When Bethany Swindell came across a baby raccoon that had fell from a tree, she knew to leave the animal alone and let the mother take care of it. She spotted the mother staring at her from the tree, so she left and went about her day.
Hours later, Swindell noticed the baby raccoon was still trapped on the ground, unable to move. The mother was nowhere in sight. Knowing that the tiny animal was in danger and possibly injured, she knew she had to help.
Swindell scooped up the baby raccoon and brought it to her home. She called around to various animal rescue organizations to find a safe home for the animal, but no one was able to take it in. That’s when she realized that she was the baby’s only hope.
Fortunately, Swindell had experience in raising raccoons. So, she decided to care for the raccoon and named her June. With the help of her husband, taking care of the animal was rewarding, but very tough.
“She was helpless when we found her since her eyes were still closed,” Swindell tells The Dodo. “We had to do everything her real mom would do — feed her, stimulate her to go to the bathroom and keep her warm.”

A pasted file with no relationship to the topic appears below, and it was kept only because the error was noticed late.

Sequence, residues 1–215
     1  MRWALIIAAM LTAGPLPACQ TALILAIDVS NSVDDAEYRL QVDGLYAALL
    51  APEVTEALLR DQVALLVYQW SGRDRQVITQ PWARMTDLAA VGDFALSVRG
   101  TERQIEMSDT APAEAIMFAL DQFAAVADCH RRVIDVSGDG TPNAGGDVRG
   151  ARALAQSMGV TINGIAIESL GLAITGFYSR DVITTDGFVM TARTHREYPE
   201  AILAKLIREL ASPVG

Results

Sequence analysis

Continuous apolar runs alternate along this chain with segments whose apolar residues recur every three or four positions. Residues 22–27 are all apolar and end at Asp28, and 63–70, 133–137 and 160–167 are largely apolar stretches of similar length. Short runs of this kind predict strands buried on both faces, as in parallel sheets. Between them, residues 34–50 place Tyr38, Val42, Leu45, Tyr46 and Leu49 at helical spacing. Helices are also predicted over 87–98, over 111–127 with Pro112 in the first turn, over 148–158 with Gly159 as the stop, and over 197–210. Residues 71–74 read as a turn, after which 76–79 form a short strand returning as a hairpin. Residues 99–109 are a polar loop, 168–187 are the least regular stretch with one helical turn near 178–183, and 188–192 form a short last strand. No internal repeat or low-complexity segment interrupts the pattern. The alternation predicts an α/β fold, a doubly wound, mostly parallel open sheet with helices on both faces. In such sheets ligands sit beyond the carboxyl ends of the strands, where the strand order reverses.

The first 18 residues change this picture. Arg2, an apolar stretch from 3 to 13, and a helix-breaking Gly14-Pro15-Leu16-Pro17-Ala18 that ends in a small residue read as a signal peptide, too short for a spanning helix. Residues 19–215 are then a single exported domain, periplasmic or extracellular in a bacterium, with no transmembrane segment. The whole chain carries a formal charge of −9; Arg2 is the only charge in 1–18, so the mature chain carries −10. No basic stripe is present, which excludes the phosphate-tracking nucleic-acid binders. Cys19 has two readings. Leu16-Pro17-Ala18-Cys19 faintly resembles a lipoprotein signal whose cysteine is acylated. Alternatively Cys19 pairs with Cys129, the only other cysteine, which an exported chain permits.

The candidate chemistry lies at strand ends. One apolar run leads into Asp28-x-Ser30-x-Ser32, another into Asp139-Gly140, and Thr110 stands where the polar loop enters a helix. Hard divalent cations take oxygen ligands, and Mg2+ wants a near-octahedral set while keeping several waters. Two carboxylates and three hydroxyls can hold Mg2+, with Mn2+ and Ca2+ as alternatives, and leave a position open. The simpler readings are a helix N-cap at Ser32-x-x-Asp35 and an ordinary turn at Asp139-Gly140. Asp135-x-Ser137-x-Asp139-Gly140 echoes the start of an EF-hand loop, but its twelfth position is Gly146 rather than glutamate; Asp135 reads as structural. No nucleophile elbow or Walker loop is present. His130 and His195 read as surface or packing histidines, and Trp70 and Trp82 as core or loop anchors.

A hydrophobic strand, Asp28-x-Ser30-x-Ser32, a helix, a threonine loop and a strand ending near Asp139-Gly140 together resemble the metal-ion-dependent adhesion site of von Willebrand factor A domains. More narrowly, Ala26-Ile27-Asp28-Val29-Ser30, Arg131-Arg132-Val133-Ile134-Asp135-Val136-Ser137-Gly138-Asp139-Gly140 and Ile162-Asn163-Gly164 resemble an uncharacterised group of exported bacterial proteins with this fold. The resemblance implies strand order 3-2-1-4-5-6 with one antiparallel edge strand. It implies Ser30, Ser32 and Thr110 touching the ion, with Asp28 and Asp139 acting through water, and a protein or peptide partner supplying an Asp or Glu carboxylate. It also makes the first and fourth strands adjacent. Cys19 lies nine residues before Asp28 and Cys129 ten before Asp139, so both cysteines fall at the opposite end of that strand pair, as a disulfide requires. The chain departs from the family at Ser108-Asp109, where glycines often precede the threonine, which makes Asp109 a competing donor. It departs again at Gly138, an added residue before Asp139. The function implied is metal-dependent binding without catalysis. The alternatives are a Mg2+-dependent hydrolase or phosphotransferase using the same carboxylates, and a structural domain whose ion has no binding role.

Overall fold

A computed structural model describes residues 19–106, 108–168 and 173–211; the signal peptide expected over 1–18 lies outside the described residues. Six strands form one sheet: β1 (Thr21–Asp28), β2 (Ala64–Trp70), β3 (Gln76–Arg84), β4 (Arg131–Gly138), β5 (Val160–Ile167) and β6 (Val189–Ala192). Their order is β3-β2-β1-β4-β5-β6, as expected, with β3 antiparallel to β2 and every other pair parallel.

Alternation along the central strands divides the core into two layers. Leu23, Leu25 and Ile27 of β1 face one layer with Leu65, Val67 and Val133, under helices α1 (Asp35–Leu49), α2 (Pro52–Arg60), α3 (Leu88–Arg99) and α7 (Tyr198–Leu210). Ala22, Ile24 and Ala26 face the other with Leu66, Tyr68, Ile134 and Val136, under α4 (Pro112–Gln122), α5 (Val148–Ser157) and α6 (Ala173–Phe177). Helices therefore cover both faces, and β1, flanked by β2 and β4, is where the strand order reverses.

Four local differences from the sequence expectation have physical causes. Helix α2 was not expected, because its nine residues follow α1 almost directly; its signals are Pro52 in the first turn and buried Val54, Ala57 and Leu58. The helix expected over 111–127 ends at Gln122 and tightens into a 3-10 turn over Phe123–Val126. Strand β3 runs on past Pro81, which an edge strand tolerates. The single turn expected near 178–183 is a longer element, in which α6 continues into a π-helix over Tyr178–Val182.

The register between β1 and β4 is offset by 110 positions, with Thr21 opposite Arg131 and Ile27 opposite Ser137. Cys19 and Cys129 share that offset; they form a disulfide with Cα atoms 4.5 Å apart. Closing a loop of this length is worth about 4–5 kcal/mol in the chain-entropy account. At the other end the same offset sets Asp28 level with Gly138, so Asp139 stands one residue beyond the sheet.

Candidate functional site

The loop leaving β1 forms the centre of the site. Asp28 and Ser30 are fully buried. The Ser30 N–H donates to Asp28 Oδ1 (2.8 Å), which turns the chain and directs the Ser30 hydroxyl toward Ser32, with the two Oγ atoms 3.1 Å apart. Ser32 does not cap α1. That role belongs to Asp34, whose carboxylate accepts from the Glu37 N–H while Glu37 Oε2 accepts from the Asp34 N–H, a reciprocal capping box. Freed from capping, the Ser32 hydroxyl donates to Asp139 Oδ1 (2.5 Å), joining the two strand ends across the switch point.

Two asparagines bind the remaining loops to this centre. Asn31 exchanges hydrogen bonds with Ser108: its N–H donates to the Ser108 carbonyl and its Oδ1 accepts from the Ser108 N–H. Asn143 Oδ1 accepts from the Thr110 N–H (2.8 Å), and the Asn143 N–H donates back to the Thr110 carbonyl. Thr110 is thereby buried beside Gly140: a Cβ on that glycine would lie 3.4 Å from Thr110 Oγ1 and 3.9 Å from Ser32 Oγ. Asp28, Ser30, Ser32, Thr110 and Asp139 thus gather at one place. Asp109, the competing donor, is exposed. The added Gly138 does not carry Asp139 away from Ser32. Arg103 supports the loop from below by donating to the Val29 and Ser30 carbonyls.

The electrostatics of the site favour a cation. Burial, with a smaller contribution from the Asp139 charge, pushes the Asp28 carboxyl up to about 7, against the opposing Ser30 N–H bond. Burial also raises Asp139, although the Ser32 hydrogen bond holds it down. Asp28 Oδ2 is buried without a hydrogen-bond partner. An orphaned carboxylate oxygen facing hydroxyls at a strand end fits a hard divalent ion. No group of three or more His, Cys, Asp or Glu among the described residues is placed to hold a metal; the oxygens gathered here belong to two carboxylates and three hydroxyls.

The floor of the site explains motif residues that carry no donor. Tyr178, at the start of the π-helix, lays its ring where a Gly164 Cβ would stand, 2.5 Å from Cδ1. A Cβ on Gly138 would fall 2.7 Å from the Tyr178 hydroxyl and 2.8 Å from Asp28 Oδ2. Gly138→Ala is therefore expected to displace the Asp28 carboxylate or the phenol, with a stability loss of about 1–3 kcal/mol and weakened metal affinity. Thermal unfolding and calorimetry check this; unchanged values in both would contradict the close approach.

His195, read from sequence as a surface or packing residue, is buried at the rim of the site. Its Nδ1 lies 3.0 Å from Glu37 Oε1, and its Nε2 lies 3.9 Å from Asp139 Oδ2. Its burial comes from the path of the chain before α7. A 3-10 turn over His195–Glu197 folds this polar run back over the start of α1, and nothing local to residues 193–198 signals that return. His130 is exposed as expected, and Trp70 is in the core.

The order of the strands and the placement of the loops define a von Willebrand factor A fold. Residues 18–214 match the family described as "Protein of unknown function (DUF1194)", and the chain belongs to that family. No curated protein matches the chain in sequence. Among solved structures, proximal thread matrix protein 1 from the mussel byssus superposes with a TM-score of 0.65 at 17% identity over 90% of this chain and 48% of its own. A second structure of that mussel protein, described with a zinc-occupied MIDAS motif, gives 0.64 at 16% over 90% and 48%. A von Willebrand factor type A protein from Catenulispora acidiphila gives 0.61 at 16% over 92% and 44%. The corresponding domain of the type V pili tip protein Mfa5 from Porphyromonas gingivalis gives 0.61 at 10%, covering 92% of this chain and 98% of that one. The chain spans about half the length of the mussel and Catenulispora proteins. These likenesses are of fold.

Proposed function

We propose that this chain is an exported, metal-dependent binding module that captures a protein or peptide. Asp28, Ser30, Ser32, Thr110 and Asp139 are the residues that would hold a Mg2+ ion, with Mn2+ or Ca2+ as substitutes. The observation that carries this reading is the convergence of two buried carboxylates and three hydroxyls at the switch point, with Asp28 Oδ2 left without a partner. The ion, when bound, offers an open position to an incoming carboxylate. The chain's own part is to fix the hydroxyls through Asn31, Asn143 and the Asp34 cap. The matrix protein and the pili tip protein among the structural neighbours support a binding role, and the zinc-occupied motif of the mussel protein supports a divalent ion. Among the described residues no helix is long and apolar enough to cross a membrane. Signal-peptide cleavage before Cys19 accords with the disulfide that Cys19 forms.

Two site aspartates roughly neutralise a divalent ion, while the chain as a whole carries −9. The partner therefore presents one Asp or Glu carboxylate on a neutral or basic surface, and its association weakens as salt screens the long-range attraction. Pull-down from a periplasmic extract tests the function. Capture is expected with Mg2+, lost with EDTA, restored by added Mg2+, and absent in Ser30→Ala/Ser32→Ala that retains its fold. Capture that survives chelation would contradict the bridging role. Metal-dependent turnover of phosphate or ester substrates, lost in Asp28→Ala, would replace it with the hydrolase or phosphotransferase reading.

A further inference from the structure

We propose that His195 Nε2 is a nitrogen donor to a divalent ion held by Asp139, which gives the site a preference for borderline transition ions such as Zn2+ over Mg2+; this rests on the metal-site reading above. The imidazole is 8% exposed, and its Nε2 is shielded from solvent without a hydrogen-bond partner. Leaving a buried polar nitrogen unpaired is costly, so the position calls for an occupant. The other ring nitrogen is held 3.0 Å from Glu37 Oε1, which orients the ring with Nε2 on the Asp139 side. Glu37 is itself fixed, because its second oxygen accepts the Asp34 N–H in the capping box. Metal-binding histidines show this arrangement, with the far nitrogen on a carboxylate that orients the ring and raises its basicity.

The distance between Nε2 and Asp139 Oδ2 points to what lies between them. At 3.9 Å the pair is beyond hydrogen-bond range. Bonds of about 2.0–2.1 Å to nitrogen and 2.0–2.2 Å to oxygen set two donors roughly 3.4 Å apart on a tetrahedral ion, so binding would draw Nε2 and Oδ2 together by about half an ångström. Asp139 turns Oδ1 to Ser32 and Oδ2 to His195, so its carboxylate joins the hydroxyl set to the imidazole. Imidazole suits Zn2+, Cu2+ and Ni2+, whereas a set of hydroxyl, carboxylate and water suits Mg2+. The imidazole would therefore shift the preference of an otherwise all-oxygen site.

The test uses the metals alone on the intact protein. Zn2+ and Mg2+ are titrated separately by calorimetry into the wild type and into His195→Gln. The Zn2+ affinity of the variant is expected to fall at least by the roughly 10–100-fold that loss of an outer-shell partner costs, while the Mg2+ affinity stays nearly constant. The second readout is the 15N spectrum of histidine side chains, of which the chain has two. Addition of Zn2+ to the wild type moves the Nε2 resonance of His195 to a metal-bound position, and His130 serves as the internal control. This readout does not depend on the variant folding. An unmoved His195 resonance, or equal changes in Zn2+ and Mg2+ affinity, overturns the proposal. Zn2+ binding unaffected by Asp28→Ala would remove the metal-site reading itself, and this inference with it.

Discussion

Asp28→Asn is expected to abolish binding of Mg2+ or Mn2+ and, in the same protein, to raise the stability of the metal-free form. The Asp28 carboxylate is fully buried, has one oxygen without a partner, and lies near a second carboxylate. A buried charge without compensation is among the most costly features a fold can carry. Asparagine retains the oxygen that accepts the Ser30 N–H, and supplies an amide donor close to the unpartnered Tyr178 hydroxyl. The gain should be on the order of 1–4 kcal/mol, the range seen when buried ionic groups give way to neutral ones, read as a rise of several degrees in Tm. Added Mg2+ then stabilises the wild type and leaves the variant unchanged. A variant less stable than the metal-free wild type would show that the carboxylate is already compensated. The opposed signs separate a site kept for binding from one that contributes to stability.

Swindell even wore June in a baby carrier while she worked. The doting mother did everything to make sure June was well taken care of.
“I’m very fortunate to be the owner of a small business so June was able to have 24/7 care, and she still comes to work with me,” says Swindell. “Plus, my parents love having a baby raccoon as a grandchild and have babysat sometimes.”
As June continues to grow up, she has become more and more like a family pet. In fact, her best friend is Swindell’s mother’s dog, Reese.
“They run and romp through the house and yard, chasing each other and rolling around. All of our friends that come to our house also have dogs, and June interacts and plays with them as well, but it isn’t the same type of relationship as she has with Reese.”
After June has become so used to the domestic life, Swindell says she will not release her back to the wild. It seems that is exactly what June wants too.
“Since she is being raised alone and not with other raccoons, she doesn’t have all the skills needed to live in the wild,” Swindell explains. “June has a house in my backyard, but she prefers to use the dog door and stay inside. She just wants to be wherever her people are and cries if she’s left alone, even when she is in the house. She has separation anxiety, so being all alone outside in the wild isn’t what June wants. We take her to my grandparent’s farm and let her play in the creek and climb trees, which she loves to do as long as we are there with her!”